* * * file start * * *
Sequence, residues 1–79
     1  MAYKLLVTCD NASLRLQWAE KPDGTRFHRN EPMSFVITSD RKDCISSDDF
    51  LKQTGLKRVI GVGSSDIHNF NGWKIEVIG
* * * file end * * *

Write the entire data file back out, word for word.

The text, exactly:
Sequence, residues 1–79
     1  MAYKLLVTCD NASLRLQWAE KPDGTRFHRN EPMSFVITSD RKDCISSDDF
    51  LKQTGLKRVI GVGSSDIHNF NGWKIEVIG